I was good at high school, but I never liked it. You see, I love learning but I hate being told what to learn. Get me interested in something—anything—and I’m onboard. But, my high school opted for the alternative to box everyone into four beige walls and have them copy exactly what is written on a chalkboard. I did it, though, and I did it well because I had the beautiful paradise of university to anticipate. Nice lecture rooms. Professors who are enthusiastic about what they teach. The freedom to choose what I learn. Munnels! I was in love.
It didn’t take me long to realize that the relationship wasn’t for me. I initially did an arts degree in psychology and learned pretty early on that I wanted to study all the social psychology I could find. Four years of classes and I only had the opportunity to do two. I don’t mean to dig at the faculty. Psychology is a pretty broad discipline and it’s better to have all your bases covered than to play baseball with an infield full of first basemen.
But it wasn’t for me. Once again I found myself being told what to learn and not being able to learn what I wanted. I didn’t have the time to learn about social psychology on my own, with a full course load and a job. I fell out of love. I stopped caring and I let my grades slip. But like many relationships, I stuck with it. I figured university and I could work it out, but we had to take a break first.
After convocation, I lived in bliss for a full semester. Zero courses. I could enjoy my time off work and I could learn on my own accord again. So I binged on audiobooks and eventually found one on human evolution. I realized I liked social psychology because it helped me understand people, but this was a game changer. I thought to myself, maybe that old fling with school wasn’t so bad. MUN’s archaeology program offered a large number of relevant courses, and since it fell under the arts degree umbrella, I could just do the major and add it to my B.A. So it was a short breakup and I came back with a passion.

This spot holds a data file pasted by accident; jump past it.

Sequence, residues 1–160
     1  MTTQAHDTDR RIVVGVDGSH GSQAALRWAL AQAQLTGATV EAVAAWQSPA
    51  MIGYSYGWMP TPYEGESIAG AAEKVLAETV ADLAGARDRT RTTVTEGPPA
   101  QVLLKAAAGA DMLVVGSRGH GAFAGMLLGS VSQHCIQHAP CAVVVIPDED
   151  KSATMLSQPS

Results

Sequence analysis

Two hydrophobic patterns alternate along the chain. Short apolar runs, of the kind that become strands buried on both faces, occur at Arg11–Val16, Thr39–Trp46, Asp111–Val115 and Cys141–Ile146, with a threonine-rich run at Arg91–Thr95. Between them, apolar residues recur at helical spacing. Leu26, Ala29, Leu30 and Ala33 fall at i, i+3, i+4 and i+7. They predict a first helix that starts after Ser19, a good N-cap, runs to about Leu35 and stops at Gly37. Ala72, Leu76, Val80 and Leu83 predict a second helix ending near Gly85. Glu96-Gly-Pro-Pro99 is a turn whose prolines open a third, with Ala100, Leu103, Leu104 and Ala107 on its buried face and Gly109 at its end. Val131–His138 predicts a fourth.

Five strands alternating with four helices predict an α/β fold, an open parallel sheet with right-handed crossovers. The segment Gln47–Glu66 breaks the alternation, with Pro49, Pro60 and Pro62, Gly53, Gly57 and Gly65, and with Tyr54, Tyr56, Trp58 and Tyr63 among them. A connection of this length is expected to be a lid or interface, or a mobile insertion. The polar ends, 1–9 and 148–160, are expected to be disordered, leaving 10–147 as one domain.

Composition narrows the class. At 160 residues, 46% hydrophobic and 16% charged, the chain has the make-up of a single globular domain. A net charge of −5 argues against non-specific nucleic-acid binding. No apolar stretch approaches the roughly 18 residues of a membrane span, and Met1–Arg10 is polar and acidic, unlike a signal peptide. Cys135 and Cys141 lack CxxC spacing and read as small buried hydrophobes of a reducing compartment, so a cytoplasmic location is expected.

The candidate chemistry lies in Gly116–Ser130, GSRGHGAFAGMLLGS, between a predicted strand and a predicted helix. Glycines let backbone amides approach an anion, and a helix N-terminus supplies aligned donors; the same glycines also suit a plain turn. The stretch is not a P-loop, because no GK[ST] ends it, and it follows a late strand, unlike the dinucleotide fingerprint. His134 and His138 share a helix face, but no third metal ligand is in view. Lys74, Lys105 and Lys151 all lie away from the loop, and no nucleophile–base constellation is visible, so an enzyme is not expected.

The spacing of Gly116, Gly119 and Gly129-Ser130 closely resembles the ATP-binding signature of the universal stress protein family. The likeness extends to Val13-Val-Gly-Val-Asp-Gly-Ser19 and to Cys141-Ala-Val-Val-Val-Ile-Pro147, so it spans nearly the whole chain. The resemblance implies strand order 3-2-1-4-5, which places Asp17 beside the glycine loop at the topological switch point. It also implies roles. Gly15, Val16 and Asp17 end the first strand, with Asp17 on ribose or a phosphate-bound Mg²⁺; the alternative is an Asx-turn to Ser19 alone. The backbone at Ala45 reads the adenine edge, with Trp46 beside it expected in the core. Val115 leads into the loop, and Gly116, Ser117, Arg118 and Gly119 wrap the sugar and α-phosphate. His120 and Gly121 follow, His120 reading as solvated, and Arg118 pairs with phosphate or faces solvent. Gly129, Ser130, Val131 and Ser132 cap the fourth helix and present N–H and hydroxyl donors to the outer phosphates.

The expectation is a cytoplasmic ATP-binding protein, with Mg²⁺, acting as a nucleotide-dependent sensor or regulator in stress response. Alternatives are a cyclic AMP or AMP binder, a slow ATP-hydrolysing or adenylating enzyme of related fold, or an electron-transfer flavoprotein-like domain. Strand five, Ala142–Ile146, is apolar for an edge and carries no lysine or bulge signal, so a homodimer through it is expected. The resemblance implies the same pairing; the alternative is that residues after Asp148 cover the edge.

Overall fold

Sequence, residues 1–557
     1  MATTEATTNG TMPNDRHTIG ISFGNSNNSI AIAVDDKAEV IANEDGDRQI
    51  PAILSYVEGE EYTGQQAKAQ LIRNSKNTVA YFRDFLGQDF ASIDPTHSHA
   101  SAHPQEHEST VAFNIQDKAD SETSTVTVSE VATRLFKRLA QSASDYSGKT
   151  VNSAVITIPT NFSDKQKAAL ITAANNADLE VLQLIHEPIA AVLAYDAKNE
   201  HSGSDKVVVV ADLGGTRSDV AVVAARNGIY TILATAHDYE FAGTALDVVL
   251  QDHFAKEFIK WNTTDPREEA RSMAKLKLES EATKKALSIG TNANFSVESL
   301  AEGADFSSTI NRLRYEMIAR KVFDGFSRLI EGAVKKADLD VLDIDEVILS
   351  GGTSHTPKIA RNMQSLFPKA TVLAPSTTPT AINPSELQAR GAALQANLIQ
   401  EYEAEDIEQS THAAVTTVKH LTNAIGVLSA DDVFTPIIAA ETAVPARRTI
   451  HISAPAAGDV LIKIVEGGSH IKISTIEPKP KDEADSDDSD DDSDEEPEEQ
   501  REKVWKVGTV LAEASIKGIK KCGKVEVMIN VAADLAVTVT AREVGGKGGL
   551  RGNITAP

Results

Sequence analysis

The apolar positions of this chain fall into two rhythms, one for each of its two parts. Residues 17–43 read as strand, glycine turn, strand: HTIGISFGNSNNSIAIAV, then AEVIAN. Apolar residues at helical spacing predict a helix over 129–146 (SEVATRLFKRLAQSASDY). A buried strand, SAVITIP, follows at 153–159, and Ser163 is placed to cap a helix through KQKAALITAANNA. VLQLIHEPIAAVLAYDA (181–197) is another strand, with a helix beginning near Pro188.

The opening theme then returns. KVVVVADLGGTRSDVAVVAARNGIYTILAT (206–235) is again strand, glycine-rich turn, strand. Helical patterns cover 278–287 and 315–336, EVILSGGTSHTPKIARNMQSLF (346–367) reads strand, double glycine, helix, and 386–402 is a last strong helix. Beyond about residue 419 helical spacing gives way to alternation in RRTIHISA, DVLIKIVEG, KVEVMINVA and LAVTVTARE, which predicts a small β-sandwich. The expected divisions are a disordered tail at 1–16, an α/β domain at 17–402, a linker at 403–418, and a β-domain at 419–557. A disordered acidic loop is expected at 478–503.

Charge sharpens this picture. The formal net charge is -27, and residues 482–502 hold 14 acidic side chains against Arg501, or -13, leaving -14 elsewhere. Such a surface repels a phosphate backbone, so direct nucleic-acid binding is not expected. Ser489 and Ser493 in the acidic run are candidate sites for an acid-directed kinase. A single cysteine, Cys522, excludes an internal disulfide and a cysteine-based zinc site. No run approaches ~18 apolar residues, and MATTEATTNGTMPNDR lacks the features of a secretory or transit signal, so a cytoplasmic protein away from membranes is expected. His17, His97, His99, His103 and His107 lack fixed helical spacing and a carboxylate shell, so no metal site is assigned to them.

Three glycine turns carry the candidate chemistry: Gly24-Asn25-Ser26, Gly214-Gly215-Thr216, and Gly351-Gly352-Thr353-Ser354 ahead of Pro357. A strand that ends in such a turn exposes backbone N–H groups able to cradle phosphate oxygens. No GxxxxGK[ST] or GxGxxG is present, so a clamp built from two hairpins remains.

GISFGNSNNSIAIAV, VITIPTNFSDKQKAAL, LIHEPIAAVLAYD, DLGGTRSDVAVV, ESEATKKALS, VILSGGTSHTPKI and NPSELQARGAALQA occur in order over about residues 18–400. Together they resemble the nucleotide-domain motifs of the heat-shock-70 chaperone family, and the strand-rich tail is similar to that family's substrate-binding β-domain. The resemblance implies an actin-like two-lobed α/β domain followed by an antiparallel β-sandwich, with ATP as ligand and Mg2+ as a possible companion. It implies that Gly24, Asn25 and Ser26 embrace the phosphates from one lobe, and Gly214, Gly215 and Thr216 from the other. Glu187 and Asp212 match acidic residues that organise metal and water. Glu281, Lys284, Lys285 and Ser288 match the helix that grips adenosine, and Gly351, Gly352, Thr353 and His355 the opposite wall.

Things were better this time. The faculty was great and I enjoyed the classes. A reduced course load meant that I could learn on my own time as well. I read books, journal articles, watched documentaries, listened to podcasts and found the odd YouTube video. But then I realized that I cared more about the learning I’d do on my own, rather than in class. I grew despondent. I remember actually skipping class to watch a documentary because the topic that day wasn’t as interesting.
I finished that major begrudgingly. Then I broke up with university for good. I realized that I didn’t actually like academia. I liked learning and I liked getting people excited about what I had learnt. So now, almost a year removed from university, I’ve designed a multimedia project to make human evolution research accessible and engaging. I’ve a design company excited about the project and we’re about to seek funding.
Ultimately, university has been an inefficient way of learning for me. It’s necessary to be able to critically think but when you reach the point where you can challenge your professors, I think you’re good. The Internet, on the other hand, is revolutionizing education. Never before has so much information been so available. Take advantage of it. If a B.A. is just two letters to you, don’t get one.